According to the recent Wall Street Journal article patients are encouraged to engage in care, keep track of their medical data, seek preventive care, and to manage their conditions. Studies show that if patients are actively involved in care and partner with providers, that they experience better health outcomes and lower costs.
But for patients to be active participants in care they must acquire knowledge about their diagnoses and treatment plans, be able to communicate important health information to providers, and understand how to partner with providers and share in decision-making. This requires a behavior change, especially if patients are new to the health care system. In addition, for patients to be actively involved in care they must prepare for medical encounters, feel comfortable asking questions to become better informed, and take some ownership of their medical information. No small task for any patient, whether experienced or not in the health care system.
The Institute of Medicine report, “Partnering with Patients to Drive Shared Decisions, Better Value, and Care Improvement,” highly recommends that patients participate in care and focuses on clinicians to activate patients and their families. There are incentives for providers who show meaningful use of technology, including engaging patients and families in decision making and providing them with their health records and clinical summaries.
There’s only so much providers can do: They are dealing with patient overload and are short on time. Can physicians shoulder the responsibility of giving patients and their families/caregivers the equivalent of a college course on how to become active participants in care and navigating our health care system? Are all physicians ready to model and teach patient engagement at the time of service?
When seeing a physician or nurse, many patients are not feeling well and might be in medical offices or hospital rooms that exacerbate stress. Is it fair to educate patients during a medical encounter about how to access their medical records, how to form collaborative relationships with providers and how to be proactive patients instead of passive recipients of care?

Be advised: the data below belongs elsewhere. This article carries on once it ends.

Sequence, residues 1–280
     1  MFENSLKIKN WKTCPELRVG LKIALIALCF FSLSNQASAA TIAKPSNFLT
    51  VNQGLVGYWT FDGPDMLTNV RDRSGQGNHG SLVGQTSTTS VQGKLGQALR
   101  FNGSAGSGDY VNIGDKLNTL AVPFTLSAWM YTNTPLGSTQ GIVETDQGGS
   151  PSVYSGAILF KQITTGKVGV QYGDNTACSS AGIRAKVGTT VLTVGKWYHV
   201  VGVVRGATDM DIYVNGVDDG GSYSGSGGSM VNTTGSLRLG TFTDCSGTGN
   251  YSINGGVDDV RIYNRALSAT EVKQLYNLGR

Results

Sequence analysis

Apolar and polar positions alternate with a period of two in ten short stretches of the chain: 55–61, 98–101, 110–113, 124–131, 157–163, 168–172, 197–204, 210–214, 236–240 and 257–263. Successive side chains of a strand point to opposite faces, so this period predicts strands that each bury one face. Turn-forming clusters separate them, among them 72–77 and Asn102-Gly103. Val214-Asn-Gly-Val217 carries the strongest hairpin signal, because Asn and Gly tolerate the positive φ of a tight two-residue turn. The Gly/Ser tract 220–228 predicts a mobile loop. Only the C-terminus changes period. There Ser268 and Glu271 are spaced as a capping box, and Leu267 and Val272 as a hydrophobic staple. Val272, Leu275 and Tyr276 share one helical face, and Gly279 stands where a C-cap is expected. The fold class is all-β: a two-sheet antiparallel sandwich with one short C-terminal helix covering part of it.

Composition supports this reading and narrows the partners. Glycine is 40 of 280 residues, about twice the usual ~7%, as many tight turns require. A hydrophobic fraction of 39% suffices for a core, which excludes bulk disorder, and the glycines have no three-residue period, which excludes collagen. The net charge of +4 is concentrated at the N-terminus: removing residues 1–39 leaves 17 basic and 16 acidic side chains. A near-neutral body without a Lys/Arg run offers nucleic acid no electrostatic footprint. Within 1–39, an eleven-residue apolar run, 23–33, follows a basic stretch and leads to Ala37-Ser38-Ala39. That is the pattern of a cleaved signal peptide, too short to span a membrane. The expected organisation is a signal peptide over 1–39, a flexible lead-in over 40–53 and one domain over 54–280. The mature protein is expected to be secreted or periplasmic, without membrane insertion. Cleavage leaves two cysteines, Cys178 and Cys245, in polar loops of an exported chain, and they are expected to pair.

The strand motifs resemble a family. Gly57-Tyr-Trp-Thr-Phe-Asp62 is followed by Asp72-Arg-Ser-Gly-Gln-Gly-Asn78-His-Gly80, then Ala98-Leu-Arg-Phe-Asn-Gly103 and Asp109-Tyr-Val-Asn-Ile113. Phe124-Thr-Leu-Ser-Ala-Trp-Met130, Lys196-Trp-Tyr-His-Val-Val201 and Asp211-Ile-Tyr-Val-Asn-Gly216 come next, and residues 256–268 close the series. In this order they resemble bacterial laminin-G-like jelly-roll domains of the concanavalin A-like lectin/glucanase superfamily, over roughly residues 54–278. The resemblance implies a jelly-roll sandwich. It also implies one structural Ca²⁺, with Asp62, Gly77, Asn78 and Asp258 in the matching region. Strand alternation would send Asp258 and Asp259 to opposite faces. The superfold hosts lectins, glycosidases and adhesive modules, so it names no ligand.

For example, take a sixty-five year-old man who sees his physician, having put off a visit because he dislikes going to the doctor. He’s had abdominal pain and isn’t feeling well, maybe even anxious in the doctor’s office. At the time he’s given a diagnosis and possible treatment plan, he is also provided with information on how to be an active participant in his health care, including how to access his medical records, how to partner with his physician, and more. Is this realistic?
Patients need education about their role in care at a time when they are not seeing providers for diagnoses and treatment plans. This information should be presented in required courses in high schools and colleges, through government-sponsored seminars in a variety of modes so everyone has access to the information. The information should be taught via live seminars to those who need it most, including low-income and rural populations, and to those who have recently gained access to health care.
Patients need step-by-step directions at the ground level in their primary language, as do their advocates and caregivers.
Health policy change, meaningful use, and information tools through providers and advocacy organizations, are absolutely necessary. But until patients and caregivers are educated directly by sources separate from their medical providers, I believe it’s just too much to ask of many patients to integrate the information successfully.
According to The National Patient Safety Foundation, most U.S. patients are still relatively uninformed and are passive recipients of health care services, lacking the confidence and skills necessary to engage as active participants in care.
We must expand and deepen the outreach. We need to teach patients in their own environments how to engage in care, when they are not dealing with symptoms or in search of a diagnosis or treatment. We must meet patients where they are and provide ground-up education so they can make the most of it when they do see providers, deal with health insurance, manage medications and health conditions.
Perhaps hospitals and health care organizations could reach out to local community groups and retail drugstores to offer free seminars to the patient population. This would not only provide education in a comfortable environment for patients and families, but could potentially expand the organization’s customer base.
I see this as an unmet need that must be addressed. Everyone, on all sides of the table, is doing their best to change how health care is delivered and received. If standardized patient education were conveyed to the masses on neutral ground, the goal of increased patient empowerment and engagement would be in reach.
Martine Ehrenclou is a patient advocate. She is the author of Critical Conditions: The Essential Hospital Guide to Get Your Loved One Out Alive and The Take-Charge Patient.